A Lexian distribution is another name for the binomial distribution (k, p) if p is not constant . One way to interpret the distribution is as a special case of a mixture of binomial distributions . The Lexian distribution considers a mixture distribution of subsets of binomials, each of which has its own probability distribution.
The mean of the Lexian variance is 
- p-bar is the average value of the distinct probability distributions
The Lexian variance is
- var(p) is the variance of the average value of the distinct probability distributions.
As a consequence, if mixed binomial variables are treated as pure binomials, the mean would be correct but the variance would be underestimated when using the “binomial estimator” np(1- p) .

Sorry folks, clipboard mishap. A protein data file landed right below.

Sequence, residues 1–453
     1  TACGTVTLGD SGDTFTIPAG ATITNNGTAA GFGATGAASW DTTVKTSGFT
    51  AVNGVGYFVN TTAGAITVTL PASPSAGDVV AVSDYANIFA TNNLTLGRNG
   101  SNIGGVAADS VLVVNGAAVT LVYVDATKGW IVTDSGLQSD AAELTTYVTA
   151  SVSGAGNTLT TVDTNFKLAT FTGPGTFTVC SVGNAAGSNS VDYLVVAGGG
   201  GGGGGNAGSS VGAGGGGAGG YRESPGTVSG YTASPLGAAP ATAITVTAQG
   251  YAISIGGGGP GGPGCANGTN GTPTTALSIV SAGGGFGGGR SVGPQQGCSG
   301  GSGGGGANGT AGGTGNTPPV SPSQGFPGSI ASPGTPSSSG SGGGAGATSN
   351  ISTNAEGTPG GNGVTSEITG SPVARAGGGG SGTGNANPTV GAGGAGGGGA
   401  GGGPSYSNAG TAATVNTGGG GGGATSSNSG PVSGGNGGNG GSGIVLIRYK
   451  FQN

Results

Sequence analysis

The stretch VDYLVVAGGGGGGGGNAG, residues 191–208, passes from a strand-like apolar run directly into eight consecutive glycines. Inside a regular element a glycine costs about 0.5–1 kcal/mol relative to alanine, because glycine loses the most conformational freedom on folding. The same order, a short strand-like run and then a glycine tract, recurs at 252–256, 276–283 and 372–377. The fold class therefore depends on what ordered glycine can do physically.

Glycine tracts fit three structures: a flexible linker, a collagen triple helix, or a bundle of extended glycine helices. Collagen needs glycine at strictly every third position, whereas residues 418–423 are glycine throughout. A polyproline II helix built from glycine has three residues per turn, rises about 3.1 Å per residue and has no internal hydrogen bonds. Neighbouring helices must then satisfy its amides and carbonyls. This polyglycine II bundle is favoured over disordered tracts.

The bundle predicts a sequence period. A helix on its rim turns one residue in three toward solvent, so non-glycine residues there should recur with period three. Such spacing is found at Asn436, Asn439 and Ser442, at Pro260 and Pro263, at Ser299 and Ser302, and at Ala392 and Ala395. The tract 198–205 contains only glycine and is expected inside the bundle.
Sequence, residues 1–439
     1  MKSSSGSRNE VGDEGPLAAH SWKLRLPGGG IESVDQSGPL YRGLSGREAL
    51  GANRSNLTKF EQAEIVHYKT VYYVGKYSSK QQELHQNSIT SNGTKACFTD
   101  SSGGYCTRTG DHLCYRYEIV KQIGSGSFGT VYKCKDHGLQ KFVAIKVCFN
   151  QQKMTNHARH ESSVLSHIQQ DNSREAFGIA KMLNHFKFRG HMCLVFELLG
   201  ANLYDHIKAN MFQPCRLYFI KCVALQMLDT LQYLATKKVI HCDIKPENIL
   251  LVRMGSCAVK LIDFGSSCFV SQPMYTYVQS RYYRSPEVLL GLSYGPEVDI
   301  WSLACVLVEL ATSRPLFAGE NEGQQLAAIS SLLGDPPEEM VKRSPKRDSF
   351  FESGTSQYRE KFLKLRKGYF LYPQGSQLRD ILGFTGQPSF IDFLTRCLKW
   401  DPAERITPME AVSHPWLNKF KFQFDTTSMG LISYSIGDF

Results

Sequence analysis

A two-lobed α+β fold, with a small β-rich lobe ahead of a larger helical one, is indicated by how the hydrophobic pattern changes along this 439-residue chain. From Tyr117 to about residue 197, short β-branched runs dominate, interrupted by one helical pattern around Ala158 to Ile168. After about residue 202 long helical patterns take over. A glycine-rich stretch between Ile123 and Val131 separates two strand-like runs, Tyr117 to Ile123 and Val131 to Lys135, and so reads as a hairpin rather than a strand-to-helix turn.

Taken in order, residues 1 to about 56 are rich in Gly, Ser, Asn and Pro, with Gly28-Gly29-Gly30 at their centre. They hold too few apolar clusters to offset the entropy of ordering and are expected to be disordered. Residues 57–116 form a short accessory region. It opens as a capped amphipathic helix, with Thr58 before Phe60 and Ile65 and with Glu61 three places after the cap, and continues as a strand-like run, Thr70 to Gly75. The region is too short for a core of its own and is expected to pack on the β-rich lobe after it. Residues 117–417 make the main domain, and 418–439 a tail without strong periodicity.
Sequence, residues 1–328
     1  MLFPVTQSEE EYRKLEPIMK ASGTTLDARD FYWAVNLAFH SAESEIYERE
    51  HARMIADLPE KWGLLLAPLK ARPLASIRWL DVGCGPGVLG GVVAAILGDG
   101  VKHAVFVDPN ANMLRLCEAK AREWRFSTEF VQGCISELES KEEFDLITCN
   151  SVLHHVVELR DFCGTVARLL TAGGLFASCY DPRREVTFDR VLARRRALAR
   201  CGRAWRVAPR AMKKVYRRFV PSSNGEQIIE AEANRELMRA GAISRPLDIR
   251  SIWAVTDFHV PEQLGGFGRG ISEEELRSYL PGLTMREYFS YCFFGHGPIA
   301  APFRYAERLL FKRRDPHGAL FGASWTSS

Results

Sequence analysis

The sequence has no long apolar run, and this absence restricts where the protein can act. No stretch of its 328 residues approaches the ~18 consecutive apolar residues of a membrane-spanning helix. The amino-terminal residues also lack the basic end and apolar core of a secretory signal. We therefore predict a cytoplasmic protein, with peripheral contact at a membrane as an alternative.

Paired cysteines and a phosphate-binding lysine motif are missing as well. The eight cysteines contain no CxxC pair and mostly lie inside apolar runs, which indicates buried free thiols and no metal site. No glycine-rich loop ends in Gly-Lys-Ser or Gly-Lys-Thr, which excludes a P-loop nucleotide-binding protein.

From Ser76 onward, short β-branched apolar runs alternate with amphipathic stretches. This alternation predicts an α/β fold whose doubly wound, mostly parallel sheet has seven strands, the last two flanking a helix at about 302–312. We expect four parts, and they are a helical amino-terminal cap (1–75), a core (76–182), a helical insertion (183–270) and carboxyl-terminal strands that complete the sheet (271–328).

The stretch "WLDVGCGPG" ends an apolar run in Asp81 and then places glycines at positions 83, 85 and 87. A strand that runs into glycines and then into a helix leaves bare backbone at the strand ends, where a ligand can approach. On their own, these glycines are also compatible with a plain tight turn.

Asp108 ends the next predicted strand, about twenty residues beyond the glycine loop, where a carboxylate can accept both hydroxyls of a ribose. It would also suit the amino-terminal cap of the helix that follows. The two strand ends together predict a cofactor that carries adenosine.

History of the Lexian Distribution
The Lexian distribution is named after German economist Wilhelm Lexis, who published several papers on mixture distributions in 1875-1879. The basis of his work was to test for the structure of a set by comparing its actual variance to one obtained from a theoretical binomial variance through a “Lexis Ratio”: the standard deviation from the data, divided by the theoretical binomial standard deviation .
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